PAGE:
Saturday, January 16, 2010

Blackout- Connie Willis

Connie Willis
Ballantine, Feb 2 2010, $26.00
ISBN: 9780553803198

In 2060, studying history at Oxford is a contact sport as historians conduct real field research. In that regard three historians are sent to different locations during WW II. Seventeen years old Colin Templer, who saved the life of project chief Mr. Dunworthy wants the faculty advisor’s help so he can age enough in the past for older student Polly Churchill to notice him and how much he loves her. At the relative same time, Michael Davies is preparing to go to Pearl Harbor but the assignment changed after he obtained his American accent implant to be there for the Channel fishermen rescue at Dunkirk; Polly is going to London as a shopgirl during the Blitz; and Eileen works at a children’s evac center in Warwickshire during a measles outbreak.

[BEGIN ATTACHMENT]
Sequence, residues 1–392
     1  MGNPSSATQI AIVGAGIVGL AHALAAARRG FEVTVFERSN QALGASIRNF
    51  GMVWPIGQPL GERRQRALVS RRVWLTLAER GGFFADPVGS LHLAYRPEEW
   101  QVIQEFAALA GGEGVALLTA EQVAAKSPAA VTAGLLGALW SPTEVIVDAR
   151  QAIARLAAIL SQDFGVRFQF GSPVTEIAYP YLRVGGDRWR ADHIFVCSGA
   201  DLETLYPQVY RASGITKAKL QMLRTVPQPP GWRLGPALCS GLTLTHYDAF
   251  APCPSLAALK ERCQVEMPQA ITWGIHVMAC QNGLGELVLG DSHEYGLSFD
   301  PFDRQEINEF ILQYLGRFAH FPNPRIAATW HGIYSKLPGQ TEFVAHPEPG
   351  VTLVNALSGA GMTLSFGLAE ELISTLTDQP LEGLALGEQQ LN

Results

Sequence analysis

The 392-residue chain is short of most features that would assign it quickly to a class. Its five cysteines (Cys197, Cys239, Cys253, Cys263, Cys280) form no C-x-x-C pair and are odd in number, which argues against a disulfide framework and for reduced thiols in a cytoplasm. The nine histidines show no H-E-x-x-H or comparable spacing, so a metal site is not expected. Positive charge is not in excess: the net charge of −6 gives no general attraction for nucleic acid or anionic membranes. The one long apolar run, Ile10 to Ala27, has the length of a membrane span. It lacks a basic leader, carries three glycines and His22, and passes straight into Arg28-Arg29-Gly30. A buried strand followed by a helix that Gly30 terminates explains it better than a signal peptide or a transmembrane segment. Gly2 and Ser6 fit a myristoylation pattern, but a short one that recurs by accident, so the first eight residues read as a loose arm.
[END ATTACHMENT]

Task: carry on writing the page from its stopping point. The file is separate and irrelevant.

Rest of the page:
However something is not quite right with the Research lab equipment as assignments change abruptly and the historians face danger when they arrive during the early stages of WW II in England. Although Eileen insists she trusts in the future, something Mike did at Dunkirk should not have happened; at least based on the prime premise of the History Department at Oxford in 2060 in which a traveling historian cannot change what has been.

This is a super time travel historical thriller that hooks the audience from the onset and never slows down especially when the trio land in 1939-1940. The story line is fast-paced yet loaded with vivid detail so that the prime subplots seem genuine as Polly struggles with working at a store and evacuating during air raids; and Eileen with twenty two kids and resentful locals including the sponsor especially during a measles outbreak. However, it is Mike who may have changed the outcome of WW II and the next century with his impossible actions that could not have happened at Dunkirk. Perhaps the only issue with this great saga is it never climaxes as the second book to be published later in the year contains the rest of the story.

Harriet Klausner

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